Tuesday, March 8, 2016

The Carved Crosses of Hidalgo: Huichapan

Of those regions of Mexico richest in colonial monuments and artifacts, the state of Hidalgo, north of Mexico City, boasts perhaps the largest and most varied group of sculpted stone crosses, all of them carved by indigenous craftsmen.
   Among these, one style stands out, that of cylindrical crosses carved with the Arma Christi—objects associated with the Passion of Christ.
   In this and subsequent posts we look at the premier examples of the genre in the region, starting with the more complex and finely sculpted crosses and continuing with less sophisticated but imaginative rural versions.
   We begin with examination of two crosses at Huichapan: the magnificent atrium cross and its simpler, rooftop cousin.
Huichapan. the atrium cross: front and reverse

In the mid-16th century a Franciscan mission was founded here. Although the main church was rebuilt in the 1600s, it retained its original carved doorway.
   The complex is enclosed by a spacious atrium or churchyard, whose chief attraction is its 16th century stone cross—the best known and most richly worked of the Hidalgo atrium crosses.  
   Stylistically linked to the famous crosses of Guadalupe and Atzacoalco in the Valley of Mexico, it influenced several other nearby crosses which we will look at in future posts.
   The tall, cylindrical cross stands in front of the main church of San Mateo, set high on pedestal busy with carved angels—a later addition. The arms and shaft are delicately encircled by a profusion of Passion symbols, densely packed on every surface and finely detailed in high relief.
On the front a diminutive head of Christ at the crossing, with flowing locks and Colonel Sanders style beard, is framed by two Crowns of Thorns, one woven around the forehead and the other, larger one, entwined around the crossing. This second Crown overlays narrow strips wrapped around the arms on either side, probably representing priest's stoles
   Beyond these, stylized, flamboyant streaming Wounds are impaled with fearsome spikes at an angle.
   A rooster hunkers atop a festooned Column that extends down the shaft, and below, a third Wound projects in the same convoluted style.
A Chalice with an inscribed, circular Host emerging from it occupies the foot of the cross. Other symbols including silver coins and the hand of Judas crowd the shaft on either side, with reliefs of the sun and moon. The grand crowning INRI plaque, although damaged, is ornately scrolled and carved with winged cherubs.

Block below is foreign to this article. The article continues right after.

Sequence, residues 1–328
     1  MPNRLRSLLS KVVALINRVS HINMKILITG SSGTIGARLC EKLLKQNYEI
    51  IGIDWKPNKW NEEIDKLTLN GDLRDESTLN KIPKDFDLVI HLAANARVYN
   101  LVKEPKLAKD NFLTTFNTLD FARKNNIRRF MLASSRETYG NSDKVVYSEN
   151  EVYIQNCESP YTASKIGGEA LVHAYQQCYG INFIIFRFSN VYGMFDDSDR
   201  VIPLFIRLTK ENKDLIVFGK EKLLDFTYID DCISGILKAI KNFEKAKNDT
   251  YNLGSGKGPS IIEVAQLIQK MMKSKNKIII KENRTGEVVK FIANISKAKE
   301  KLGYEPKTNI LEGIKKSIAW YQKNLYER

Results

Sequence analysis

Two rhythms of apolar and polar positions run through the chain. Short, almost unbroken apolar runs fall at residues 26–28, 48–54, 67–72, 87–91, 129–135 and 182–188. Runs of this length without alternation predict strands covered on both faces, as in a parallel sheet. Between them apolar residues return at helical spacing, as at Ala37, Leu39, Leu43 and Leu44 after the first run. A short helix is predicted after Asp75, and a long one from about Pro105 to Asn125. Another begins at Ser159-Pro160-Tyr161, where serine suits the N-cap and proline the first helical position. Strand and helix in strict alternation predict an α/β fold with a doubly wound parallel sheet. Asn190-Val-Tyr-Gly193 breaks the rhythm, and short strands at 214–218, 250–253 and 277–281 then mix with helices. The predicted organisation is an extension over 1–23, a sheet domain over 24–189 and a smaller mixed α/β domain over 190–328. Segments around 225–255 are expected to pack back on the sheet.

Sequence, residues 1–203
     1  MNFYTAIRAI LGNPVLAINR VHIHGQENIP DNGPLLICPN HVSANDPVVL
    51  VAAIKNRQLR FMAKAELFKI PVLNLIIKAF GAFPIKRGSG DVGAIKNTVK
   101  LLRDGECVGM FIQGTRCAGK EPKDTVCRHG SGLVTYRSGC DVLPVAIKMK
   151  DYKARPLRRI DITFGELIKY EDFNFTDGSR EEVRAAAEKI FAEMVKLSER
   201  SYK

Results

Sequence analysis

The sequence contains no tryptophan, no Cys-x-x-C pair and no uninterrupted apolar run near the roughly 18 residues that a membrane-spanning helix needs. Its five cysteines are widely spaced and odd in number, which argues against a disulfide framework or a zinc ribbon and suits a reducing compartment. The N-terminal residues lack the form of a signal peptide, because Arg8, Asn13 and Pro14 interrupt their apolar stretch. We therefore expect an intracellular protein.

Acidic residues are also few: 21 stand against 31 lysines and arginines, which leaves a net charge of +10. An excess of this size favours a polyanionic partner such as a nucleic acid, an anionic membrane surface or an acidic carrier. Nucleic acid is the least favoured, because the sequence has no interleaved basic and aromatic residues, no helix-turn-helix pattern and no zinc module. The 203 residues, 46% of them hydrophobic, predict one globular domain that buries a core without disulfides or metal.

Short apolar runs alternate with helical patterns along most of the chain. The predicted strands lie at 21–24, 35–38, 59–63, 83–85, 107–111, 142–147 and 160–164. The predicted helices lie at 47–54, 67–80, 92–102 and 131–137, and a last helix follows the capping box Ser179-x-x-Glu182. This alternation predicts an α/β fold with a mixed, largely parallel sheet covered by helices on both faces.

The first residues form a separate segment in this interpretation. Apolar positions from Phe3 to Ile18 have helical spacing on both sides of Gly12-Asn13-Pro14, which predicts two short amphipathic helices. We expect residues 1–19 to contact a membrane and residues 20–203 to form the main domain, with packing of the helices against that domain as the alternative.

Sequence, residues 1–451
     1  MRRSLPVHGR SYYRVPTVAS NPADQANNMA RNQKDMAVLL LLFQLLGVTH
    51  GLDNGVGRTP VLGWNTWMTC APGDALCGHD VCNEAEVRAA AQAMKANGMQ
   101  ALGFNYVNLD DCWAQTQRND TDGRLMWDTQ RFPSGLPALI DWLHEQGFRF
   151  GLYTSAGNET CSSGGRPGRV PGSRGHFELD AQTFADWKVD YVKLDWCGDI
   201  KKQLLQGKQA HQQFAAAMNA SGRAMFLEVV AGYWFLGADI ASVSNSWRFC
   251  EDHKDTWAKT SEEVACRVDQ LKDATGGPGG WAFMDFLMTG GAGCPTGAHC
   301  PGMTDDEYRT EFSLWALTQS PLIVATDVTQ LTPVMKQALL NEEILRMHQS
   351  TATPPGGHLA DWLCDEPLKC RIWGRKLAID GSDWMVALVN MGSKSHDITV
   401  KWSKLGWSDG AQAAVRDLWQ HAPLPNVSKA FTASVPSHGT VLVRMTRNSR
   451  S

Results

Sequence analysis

The reverse of the cross is plain apart from the Crown of Thorns around the neck and another, less ornate, Wound with three spikes on the shaft.

A second cross, carved in a similar but much simplified style, stands atop the adjacent chapel of the Third Order.

text © 2016  Richard D. Perry.  images by the author and Niccolò Brooker


  1. Richard, hello and I hope you're well. I've just completed an extendsive tour of your blog posts, It was entertaining and informative but I was unable to spot photos of an atrial cross that much impressed me on an earlier visit. Perhaps you will recog
    nize it from this description: the backside has a large All-Seeing Eye just over the crossing, an ear on the right arm (ostensibly the ear of Malchus, servant of the high priest that was severed by the apostle Peter. I prefer to think of it as the all-hearing ear) and, on the left, a hand holding a pen or brush. Ring a bell?

  2. Pierre, This could describe several carved crosses. Let me check.

  3. Pierre,
    On second thoughts, the only one with an eye I have posted on is that at Ucareo

  4. This blog is a treasure. ¿under the feet of the atrium cross is a severed hand?

    1. The use of a hand is common in cross iconography. It can mean different things: the hand of Judas, usually holding a bag of coins; a hand holding hair or open by itself symbolizing the ill treatment of Christ by the soldiers.

  5. Hi Richard, have you noticed different uses (or versions) of the Arma Christi among Mendicant orders? Thanks!